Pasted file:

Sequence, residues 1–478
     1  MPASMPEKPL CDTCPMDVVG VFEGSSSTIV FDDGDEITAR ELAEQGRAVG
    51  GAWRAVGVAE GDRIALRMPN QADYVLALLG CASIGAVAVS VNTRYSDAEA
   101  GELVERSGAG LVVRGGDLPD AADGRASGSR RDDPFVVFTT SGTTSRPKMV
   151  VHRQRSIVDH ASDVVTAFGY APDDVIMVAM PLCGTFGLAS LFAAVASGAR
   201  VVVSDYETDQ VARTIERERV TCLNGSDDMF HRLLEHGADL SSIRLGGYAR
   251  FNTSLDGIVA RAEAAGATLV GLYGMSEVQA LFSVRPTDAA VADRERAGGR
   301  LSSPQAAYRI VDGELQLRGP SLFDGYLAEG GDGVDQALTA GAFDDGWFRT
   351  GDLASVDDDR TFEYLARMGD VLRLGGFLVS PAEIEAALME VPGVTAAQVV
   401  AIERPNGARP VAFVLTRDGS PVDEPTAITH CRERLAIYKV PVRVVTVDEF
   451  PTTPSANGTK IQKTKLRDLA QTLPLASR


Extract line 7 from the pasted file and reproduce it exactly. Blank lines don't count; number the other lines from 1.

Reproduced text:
   251  FNTSLDGIVA RAEAAGATLV GLYGMSEVQA LFSVRPTDAA VADRERAGGR